Related:
10 Tips for Creating a Zero Waste Home
How to Host a Zero Waste Dinner Party
10 Ways to Start Living Zero Waste

Disclaimer: The views expressed above are solely those of the author and may not reflect those of Care2, Inc., its employees or advertisers.

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How Going Zero Waste Made Me a Better Person

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Damage From Hurricane Irma Can Be Seen From Space

Caribbean islands that were once lush and green now appear sickly and brown

This article – 

Damage From Hurricane Irma Can Be Seen From Space

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Why Everyone Went on a Wild Goose Chase Looking For The Planet Vulcan

The idea of a ninth planet in the Solar System would resolve a mathematical conundrum about Mercury–only problem is, it wasn’t there

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Why Everyone Went on a Wild Goose Chase Looking For The Planet Vulcan

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The Hacking of the American Mind – Robert H. Lustig

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The Hacking of the American Mind

The Science Behind the Corporate Takeover of Our Bodies and Brains

Robert H. Lustig

Genre: Life Sciences

Price: $13.99

Expected Publish Date: September 12, 2017

Publisher: Penguin Publishing Group

Seller: Penguin Group (USA) Inc.


"Explores how industry has manipulated our most deep-seated survival instincts." —David Perlmutter, MD, Author, #1 New York Times bestseller,  Grain Brain  and  Brain Maker The New York Times –bestselling author of Fat Chance reveals the corporate scheme to sell pleasure, driving the international epidemic of addiction, depression, and chronic disease.   While researching the toxic and addictive properties of sugar for his New York Times bestseller Fat Chance , Robert Lustig made an alarming discovery—our pursuit of happiness is being subverted by a culture of addiction and depression from which we may never recover.             Dopamine is the “reward” neurotransmitter that tells our brains we want more; yet every substance or behavior that releases dopamine in the extreme leads to addiction. Serotonin is the “contentment” neurotransmitter that tells our brains we don’t need any more; yet its deficiency leads to depression. Ideally, both are in optimal supply. Yet dopamine evolved to overwhelm serotonin—because our ancestors were more likely to survive if they were constantly motivated—with the result that constant desire can chemically destroy our ability to feel happiness, while sending us down the slippery slope to addiction. In the last forty years, government legislation and subsidies have promoted ever-available temptation (sugar, drugs, social media, porn) combined with constant stress (work, home, money, Internet), with the end result of an unprecedented epidemic of addiction, anxiety, depression, and chronic disease. And with the advent of neuromarketing, corporate America has successfully imprisoned us in an endless loop of desire and consumption from which there is no obvious escape.             With his customary wit and incisiveness, Lustig not only reveals the science that drives these states of mind, he points his finger directly at the corporations that helped create this mess, and the government actors who facilitated it, and he offers solutions we can all use in the pursuit of happiness, even in the face of overwhelming opposition. Always fearless and provocative, Lustig marshals a call to action, with seminal implications for our health, our well-being, and our culture.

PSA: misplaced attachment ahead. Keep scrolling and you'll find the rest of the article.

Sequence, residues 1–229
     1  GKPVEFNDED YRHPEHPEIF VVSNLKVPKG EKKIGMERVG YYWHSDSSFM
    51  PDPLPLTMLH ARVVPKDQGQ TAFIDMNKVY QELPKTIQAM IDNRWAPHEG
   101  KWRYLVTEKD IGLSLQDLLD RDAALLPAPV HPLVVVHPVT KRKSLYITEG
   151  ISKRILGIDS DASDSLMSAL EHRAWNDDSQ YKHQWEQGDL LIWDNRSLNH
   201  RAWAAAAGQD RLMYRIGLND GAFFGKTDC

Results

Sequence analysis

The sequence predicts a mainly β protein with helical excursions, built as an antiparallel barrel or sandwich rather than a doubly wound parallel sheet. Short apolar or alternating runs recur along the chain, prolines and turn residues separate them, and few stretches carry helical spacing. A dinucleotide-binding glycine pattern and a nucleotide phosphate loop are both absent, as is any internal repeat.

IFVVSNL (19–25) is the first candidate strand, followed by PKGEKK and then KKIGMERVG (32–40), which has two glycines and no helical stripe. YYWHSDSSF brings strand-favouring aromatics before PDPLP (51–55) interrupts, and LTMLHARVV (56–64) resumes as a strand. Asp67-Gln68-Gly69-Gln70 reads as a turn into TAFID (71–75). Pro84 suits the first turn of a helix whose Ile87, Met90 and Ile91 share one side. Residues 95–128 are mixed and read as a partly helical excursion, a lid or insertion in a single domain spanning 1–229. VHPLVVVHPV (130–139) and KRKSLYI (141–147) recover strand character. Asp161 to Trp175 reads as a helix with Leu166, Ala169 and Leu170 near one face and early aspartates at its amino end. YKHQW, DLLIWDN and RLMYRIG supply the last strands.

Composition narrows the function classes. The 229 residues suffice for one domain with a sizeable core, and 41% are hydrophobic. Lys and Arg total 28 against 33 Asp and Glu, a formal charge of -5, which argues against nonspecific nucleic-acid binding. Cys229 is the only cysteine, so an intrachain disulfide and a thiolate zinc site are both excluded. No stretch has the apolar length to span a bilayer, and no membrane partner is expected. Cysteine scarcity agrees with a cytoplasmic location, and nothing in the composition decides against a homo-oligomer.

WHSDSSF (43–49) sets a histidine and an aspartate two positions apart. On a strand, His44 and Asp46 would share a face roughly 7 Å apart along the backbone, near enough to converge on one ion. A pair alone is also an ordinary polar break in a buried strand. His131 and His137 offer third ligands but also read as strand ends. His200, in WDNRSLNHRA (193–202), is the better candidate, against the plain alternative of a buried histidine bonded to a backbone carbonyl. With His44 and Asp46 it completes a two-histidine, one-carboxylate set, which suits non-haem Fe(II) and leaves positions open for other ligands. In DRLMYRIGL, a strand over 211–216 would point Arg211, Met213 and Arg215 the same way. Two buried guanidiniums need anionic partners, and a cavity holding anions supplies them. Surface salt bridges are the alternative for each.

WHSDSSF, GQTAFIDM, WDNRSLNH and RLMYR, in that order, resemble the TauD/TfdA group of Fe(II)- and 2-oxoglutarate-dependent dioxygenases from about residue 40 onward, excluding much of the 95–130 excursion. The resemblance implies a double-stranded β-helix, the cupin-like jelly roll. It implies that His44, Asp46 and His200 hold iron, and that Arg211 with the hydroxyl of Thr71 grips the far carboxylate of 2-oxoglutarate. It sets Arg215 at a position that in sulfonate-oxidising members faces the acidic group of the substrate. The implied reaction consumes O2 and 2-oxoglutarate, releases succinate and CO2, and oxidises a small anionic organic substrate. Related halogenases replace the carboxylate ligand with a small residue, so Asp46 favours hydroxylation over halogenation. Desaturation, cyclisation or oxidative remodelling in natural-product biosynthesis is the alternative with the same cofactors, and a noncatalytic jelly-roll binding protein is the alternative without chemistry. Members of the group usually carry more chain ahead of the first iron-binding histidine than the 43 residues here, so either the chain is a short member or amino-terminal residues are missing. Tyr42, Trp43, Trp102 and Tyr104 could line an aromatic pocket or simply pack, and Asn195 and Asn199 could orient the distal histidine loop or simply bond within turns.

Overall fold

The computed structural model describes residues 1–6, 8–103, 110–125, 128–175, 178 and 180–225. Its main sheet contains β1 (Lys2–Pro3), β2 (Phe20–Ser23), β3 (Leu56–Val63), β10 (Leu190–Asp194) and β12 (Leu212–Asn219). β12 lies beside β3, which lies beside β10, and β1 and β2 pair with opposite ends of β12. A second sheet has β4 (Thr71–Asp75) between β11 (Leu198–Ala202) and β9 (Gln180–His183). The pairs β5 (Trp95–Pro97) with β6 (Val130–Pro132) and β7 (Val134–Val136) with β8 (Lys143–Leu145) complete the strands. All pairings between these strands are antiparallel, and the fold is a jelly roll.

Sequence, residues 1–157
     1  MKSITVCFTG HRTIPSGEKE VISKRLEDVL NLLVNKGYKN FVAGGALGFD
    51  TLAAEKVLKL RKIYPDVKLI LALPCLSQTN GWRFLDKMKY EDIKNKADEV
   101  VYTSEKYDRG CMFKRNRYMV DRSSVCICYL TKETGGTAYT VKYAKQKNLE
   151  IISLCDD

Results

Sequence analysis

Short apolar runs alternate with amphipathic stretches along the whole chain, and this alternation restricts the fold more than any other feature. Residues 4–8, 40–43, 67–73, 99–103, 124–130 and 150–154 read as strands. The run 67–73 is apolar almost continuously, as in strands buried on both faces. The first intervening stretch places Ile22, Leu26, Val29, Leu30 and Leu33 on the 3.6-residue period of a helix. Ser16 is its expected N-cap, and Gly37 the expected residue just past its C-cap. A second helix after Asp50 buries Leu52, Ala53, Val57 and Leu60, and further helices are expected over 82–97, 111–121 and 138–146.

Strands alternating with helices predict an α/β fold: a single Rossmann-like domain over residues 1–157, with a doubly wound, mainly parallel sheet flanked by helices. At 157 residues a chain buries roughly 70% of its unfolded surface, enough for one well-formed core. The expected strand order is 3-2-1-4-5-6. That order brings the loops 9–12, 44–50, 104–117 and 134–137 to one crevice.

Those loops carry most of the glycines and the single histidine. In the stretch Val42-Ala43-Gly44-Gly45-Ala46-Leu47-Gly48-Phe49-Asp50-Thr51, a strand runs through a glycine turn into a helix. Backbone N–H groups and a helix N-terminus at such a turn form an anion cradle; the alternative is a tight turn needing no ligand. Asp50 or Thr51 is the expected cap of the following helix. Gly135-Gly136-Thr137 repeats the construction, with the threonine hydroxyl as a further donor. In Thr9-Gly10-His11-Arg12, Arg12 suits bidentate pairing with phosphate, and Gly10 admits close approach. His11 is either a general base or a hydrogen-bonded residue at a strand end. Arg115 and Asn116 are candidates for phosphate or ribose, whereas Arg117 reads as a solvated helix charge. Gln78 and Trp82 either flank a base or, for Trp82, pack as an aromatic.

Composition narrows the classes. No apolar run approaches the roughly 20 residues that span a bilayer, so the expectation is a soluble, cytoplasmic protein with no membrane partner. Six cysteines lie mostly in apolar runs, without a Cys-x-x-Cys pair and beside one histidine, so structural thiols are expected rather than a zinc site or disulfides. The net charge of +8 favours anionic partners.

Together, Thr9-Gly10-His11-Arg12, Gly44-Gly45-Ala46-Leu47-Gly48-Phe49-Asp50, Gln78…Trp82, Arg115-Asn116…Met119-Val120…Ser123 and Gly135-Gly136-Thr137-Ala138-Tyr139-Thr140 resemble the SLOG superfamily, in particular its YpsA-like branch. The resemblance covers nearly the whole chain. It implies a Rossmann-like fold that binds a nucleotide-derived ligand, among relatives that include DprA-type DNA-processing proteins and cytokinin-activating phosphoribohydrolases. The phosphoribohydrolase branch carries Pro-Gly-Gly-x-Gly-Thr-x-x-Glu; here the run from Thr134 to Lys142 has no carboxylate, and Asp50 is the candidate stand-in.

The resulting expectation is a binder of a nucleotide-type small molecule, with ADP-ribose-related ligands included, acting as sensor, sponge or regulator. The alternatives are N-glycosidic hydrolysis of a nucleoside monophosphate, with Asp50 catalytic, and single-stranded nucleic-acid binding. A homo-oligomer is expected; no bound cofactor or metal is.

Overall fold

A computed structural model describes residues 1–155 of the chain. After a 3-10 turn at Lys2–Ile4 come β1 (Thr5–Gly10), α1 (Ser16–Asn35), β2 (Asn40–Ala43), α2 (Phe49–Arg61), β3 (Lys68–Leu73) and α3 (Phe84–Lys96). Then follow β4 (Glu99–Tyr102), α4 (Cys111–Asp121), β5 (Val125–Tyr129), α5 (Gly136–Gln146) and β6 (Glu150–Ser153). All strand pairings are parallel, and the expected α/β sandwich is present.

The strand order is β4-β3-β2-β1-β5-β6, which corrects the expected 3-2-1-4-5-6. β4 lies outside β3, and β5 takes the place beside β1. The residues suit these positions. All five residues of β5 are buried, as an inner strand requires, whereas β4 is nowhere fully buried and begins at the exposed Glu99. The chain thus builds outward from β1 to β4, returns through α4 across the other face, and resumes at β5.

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The Hacking of the American Mind – Robert H. Lustig

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NASA Captures Strongest Solar Flare in a Decade

This morning, the sun emitted two X-class flares, disrupting GPS and radio signals

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NASA Captures Strongest Solar Flare in a Decade

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That’s Disgusting: Unraveling the Mysteries of Repulsion – Rachel Herz PhD PhD

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That’s Disgusting: Unraveling the Mysteries of Repulsion

Rachel Herz PhD PhD

Genre: Life Sciences

Price: $1.99

Publish Date: January 23, 2012

Publisher: W. W. Norton & Company

Seller: W. W. Norton


"A lively look at all things revolting." —New York Times Book Review Why do we watch horror movies? What is the best way to persuade someone to quit smoking? And what on earth is the appeal of competitive eating? In this lively, colorful book, Rachel Herz answers these questions and more, shedding light on an incredible range of human traits—from food preferences and sexual attraction to moral codes and political ideology—by examining them through the lens of a fascinating subject: disgust. Combining lucid scientific explanations and fascinating research with a healthy dose of humor, That’s Disgusting illuminates issues that are central to our lives: love, hate, fear, empathy, prejudice, humor, and happiness.

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That’s Disgusting: Unraveling the Mysteries of Repulsion – Rachel Herz PhD PhD